The mutual fund industry is in a bit of a pickle these days. The outflow of assets from domestic stock funds has turned into a cascade this year, with such funds losing more than $50 billion in net outflows so far in 2012. As ETFs and hedge funds have grown in popularity — and much of the middle class has lost the kind of savings that traditionally went into mutual funds — good old-fashioned equity funds have fallen by the wayside.
On top of that, there have been several studies and investigations recently challenging the efficacy and usefulness of mutual funds as an investment. The mutual fund business is in the process of getting kicked when it’s down. Here are four examples.
- The most widely publicized of these was a study out of Indiana University charging that fund managers — especially inexperienced ones — are too likely to invest in companies from their home states. Compared to their peers, fund managers overweight their investments in their home state by an average of 12 percent. And the managers who were invested the most in their home states ended up with the most inefficient portfolios. While the hometown investments didn’t necessarily underperform, the overweighting can lead to a portfolio that is poorly diversified, and too susceptible to economic problems affecting a single geographic area.
All told, the study estimates that there’s around $31 billion worth of mutual fund assets wrongly invested in home-state stocks. The effect is most pronounced in newly installed or inexperienced fund managers, who may not have the knowledge to look outside their home areas for investments. The investments most affected, not surprisingly, are small-cap stocks. So a red flag for any fund would be a manager without a lot of experience who seems to be overinvested in nearby small companies.
- Vanguard, one of the biggest mutual fund firms in the nation, recently did a study of its own looking at how high fees affect fund returns over the long haul. The firm’s head of investment counseling and research, John Ameriks, set up some model portfolios for a retiree, age 60, with $100,000 to invest and planning to withdraw just 4 percent of the principal each year. Ameriks assumed a 5 percent annual return, then examined the effect of annual costs of 0.25 percent, 1 percent and 2 percent.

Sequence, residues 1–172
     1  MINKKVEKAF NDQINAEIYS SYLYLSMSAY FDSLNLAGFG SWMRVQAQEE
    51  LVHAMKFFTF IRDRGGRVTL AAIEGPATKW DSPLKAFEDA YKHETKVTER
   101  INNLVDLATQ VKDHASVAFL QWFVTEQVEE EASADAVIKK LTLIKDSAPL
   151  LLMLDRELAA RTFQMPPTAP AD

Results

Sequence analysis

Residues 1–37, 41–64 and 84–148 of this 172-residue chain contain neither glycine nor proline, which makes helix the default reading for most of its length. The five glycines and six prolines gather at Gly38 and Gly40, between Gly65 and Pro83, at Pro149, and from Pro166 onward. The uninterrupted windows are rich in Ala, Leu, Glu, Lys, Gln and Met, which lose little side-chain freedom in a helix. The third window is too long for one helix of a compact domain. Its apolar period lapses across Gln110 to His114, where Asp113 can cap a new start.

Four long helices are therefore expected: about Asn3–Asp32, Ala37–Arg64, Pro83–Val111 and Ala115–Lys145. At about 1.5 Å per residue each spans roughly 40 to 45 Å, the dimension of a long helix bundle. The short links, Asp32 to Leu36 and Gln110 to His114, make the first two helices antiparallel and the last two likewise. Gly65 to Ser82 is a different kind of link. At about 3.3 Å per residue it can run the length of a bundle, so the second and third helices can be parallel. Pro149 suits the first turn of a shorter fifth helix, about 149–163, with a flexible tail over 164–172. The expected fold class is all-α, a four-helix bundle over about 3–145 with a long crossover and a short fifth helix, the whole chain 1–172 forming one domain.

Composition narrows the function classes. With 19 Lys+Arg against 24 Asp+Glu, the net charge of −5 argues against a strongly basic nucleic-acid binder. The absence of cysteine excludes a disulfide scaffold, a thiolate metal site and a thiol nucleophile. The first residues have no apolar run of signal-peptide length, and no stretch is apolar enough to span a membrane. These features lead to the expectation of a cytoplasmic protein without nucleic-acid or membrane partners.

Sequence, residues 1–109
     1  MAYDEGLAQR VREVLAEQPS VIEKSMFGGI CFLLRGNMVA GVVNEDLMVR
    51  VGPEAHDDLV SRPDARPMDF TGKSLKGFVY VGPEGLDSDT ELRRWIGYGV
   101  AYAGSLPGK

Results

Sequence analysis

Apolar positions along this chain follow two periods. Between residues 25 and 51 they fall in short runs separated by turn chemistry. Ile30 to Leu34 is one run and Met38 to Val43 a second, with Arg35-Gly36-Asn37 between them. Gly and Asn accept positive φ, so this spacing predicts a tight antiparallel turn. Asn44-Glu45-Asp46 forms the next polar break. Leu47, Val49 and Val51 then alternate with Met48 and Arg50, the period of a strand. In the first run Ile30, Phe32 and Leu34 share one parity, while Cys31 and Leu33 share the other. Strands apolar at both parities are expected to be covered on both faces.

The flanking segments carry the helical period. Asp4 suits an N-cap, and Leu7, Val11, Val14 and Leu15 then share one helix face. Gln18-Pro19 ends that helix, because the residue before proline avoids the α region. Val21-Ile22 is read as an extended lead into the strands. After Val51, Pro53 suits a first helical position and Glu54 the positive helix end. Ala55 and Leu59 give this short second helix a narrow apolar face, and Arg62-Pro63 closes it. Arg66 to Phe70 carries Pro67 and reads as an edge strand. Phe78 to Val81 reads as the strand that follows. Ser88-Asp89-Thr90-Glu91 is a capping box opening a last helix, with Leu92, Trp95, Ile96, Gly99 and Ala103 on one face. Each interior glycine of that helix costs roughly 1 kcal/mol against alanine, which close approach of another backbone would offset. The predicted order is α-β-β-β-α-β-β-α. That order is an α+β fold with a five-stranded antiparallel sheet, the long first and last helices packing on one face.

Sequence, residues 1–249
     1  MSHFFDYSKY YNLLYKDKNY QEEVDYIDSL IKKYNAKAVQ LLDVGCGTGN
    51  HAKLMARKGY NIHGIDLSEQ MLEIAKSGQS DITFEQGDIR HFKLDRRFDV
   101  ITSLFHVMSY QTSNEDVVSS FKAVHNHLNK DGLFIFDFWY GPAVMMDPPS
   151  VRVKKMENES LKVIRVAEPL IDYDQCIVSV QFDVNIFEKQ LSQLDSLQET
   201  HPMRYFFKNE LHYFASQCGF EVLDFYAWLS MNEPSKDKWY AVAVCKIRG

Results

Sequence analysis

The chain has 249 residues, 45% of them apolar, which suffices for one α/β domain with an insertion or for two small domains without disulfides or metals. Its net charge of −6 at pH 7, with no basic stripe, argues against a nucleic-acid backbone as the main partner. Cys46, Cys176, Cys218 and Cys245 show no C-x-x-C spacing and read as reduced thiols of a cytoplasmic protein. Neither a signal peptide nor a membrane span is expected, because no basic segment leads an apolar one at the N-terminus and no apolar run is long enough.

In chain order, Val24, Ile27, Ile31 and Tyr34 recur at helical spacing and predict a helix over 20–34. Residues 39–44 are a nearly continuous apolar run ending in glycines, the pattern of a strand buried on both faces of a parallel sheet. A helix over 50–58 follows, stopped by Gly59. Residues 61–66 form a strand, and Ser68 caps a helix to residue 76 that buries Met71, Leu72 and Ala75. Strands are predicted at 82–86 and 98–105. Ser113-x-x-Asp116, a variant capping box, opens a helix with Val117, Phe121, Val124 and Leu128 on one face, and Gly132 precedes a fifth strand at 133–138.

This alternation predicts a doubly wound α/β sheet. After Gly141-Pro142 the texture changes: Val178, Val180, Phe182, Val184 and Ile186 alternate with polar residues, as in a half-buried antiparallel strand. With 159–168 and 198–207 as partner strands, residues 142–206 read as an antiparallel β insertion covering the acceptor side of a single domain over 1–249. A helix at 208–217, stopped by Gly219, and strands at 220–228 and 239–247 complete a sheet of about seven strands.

Those costs are small enough that many investors might just pass over them without notice — even 2 percent a year doesn’t sound like that much. But just a 1 percent fee structure means the investor is costing herself the equivalent of 25 percent of her withdrawals every year. By the time the retiree turns 65, the high-expense portfolio cuts into the withdrawals by 8.3 percent over the low-expense one. In 15 years, the gap is up to 20 percent.
The low-expense portfolio allows the retiree to withdraw that 4 percent every year without eroding the principal, while the higher-expense portfolios are losing principal every year. If the person is fortunate enough to live to age 90, the difference in portfolios comes to $45,000. Ameriks describes the study in detail at the Vanguard Web site here.
- The personal-finance magazine SmartMoney — which, coincidentally, ceased print publication right after reporting this story — looked at a similar issue, the exorbitant fees that are often paid to mutual fund director. SmartMoney found that directors are typically asked to attend roughly four to eight board meetings a year, and as a result, are paid an average of about $260,000 per year. And many of these directors serve on more than one board. One fund director gets more than $1 million every year while overseeing 170 funds, or pretending to do so.
That’s a big reason expense ratios tend to be so high for actively managed funds. Actively managed stock funds charge an average of 0.9 percent in fees, as opposed to 0.16 percent for index funds. According to Morningstar, only 23 percent of actively managed stock funds beat their benchmark last year, and only 20 percent beat the S&P 500.
- Finally, two Stanford business school professors, Jonathan Berk and Jules Van Binsbergen, recently published a paper showing that there are discrepancies between respected and widely used sources of mutual fund returns. By checking Morningstar returns against the industry-standard database CSRP, the two researchers found that 3.3 percent of the returns were different.
Many of the reported errors are trivial, but some of them are not. According to Berk and Van Binsbergen, 1.3 percent of the Morningstar data misreported actual returns by more than 10 basis points.
On the other hand, that same paper reported some good news for mutual funds, especially actively managed ones. By comparing fund returns to their benchmarks, the authors found that the average fund manager adds value of $140,000 per month, and that their skills were both statistically significant and repeatable. That puts the value of a good fund manager at more than $2 million a year. With all else that has befallen the beleaguered mutual fund industry, that’s a statistic they may want to start trumpeting.
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